Why did God make honey so tasty and sweet? So that we would have some idea what wisdom is like (at least, that’s one reason). The sweetness of honey points beyond itself to the wisdom of God. Honey is “good,” and we are exhorted in Psalm 34 to “taste and see that the Lord is good!” Our souls have taste buds, just like our tongues, and we can train the soul buds by exercising the tongue buds. We savor the sweetness of honey or sweet tea or pumpkin crunch cake and in the moment we hear what the honey is declaring—the honey declares the glory of God (just like the heavens). We transpose the physical enjoyment of honey onto our souls and say, “God is like this. He’s more than this. But he’s like this.”
But this means that we can’t short-circuit the enjoyment of the honey. In order for us to gain the full spiritual benefit of honey, we must really enjoy its sweetness. There must be a savoring of honey as honey before there can ever be a savoring of honey as a pointer to divine wisdom and glory. In short, if we are to obey the biblical exhortation to “know that wisdom is such to your soul,” we must first “Know . . . such,” that is, we must first eat honey.
Keeping Our Metaphors Honest
At this point, it’d be worth briefly addressing an obvious question. If God communicates to us through creation by means of analogies, pictures, and metaphors, does that mean that any metaphor that I can invent is a revelation of God? What keeps this way of thinking from going off the rails and becoming simply a way for people with fruitful imaginations to say all kinds of foolishness about God? There are long complicated answers to that question. But let me give you the basic and foundational one, which is found in Psalm 19.
The law of the LORD is perfect, reviving the soul;
the testimony of the LORD is sure, making wise the simple;
the precepts of the LORD are right, rejoicing the heart;
the commandment of the LORD is pure, enlightening the eyes;
the fear of the LORD is clean, enduring forever;
the rules of the LORD are true, and righteous altogether.
More to be desired are they than gold, even much fine gold;
sweeter also than honey and drippings of the honeycomb.
Moreover, by them is your servant warned;
in keeping them there is great reward.
he written, authoritative word of God is what keeps us on the right path. The Scriptures revive the soul, make us wise so we don’t say foolish things about God, enlighten our eyes so we see God everywhere, and guard us from error. If creation is a language in which God speaks to us through sights and sounds and smells and tastes and sensations, then Scripture is the grammar textbook for the language of God. It doesn’t give us the whole language; we’re not restricted to the images of the Bible. But the Bible does show us the rules; it gives us examples so we can learn how the images of divine things work, and then unleashes us, by the grace of God, to find him everywhere that he is speaking.
Summary and Application
So, let’s summarize the answer to our theological question: God created the world as a web of people, places, and things that are images of divine glory. We come to understand these images through metaphor and analogy. God has given us bodies and senses in order to know the world and minds and hearts in order to connect our knowledge of the world to the God who reveals himself in it.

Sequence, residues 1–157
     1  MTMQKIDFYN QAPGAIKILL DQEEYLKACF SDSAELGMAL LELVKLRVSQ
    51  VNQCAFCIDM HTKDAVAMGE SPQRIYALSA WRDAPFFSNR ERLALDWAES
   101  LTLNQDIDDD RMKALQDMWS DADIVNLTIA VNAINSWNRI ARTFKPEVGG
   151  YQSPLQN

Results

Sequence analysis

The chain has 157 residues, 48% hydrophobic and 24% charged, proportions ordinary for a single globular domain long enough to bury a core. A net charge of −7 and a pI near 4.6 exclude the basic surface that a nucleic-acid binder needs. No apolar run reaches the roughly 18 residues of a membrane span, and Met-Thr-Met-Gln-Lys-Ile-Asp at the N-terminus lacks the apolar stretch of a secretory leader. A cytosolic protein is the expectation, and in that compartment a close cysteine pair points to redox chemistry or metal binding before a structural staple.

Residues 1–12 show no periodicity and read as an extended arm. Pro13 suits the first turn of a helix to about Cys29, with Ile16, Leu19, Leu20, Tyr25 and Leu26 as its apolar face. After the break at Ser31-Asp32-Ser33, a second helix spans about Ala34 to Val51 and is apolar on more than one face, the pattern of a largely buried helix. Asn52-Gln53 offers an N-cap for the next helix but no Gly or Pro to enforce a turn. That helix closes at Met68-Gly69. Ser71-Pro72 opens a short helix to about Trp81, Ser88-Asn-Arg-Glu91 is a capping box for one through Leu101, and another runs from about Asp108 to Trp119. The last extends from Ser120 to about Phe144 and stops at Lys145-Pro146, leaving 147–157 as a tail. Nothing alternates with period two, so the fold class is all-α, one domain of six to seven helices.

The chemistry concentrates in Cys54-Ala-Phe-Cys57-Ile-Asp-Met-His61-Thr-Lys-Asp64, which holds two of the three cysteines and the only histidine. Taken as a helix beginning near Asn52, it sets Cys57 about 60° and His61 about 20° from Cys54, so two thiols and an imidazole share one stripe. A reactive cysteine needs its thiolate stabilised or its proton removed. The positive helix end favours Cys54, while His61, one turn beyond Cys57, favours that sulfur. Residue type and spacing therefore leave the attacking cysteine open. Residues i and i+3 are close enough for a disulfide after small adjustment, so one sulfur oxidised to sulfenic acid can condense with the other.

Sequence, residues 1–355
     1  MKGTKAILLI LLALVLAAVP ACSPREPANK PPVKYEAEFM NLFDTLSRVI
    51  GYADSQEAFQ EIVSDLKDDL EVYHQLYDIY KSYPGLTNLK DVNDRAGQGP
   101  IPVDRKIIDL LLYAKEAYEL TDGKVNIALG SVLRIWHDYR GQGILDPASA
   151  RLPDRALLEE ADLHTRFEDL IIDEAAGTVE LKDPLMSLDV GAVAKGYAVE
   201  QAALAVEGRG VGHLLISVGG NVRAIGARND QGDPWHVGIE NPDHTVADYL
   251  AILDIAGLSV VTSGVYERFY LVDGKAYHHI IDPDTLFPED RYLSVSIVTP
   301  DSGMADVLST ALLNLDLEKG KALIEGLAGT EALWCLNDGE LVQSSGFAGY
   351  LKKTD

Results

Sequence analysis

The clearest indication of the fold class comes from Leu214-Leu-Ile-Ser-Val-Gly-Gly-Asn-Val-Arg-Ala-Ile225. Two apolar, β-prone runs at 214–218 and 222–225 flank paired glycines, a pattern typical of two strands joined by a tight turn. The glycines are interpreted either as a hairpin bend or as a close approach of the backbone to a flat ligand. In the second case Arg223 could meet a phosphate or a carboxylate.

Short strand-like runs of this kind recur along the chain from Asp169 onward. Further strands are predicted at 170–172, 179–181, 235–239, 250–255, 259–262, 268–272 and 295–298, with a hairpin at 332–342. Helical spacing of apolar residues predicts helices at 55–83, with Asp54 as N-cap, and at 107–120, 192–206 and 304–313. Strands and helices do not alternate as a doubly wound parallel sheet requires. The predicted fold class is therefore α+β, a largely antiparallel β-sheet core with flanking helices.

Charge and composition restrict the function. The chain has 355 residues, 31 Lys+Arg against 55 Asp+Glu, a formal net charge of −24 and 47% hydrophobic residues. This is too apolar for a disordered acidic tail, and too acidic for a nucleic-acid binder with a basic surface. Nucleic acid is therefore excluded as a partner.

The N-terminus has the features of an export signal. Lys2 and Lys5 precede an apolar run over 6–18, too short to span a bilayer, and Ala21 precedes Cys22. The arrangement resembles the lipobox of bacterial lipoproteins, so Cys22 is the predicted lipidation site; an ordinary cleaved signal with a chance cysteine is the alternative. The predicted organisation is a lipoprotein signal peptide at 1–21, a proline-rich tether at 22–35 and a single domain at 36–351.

Now let’s return to our opening question. What I’ve said thus far hasn’t addressed “the things of earth grow strangely dim” tension, or the guilt that comes when we feel like we don’t love God enough. Even if creation does reveal God, the psalmist still says “Better is one day in your courts than a thousand elsewhere.” Let’s tackle this last one first.
It’s better to be in God’s presence than anywhere else. But what has Psalm 19 just taught us? The heavens declare his glory; the sun in the sky reveals something of what God is like. And the voice of the heavens goes out to all the earth. The sun is like the bridegroom, is like the warrior. But, if we know our Bibles, we’ll see more in this swirl of images than just the images. We’ll see Yahweh, the great bridegroom who rejoices over his bride (Isa. 62:5). We’ll see Jesus, his face “like the sun shining in full strength” (Rev. 1:16); the strong man who binds the Devil to plunder his goods (Matt. 11:20); the author and perfecter of our faith, who ran his race for the joy set before him (Heb. 12:2); the true warrior who kills the dragon to get the girl (Gen. 3:15; Rev. 21:2). If the sun in the sky is a picture of the God who made it, then isn’t it significant that “there is nothing hidden from its heat” (Psalm 19:6)? In other words, just as you can’t escape the heat of the sun, neither can you escape the presence of God. As David says in another place, “If you go up to heaven, he is there. If you go to the depths, he is there. No matter how far you go, heaven is above your head, hell is beneath your feet, and God is there.” No matter where you are, you can be in his courts. Now this of course raises questions about church gatherings and corporate worship and how they relate to life everywhere under the sun, and I hope to answer some of them next week.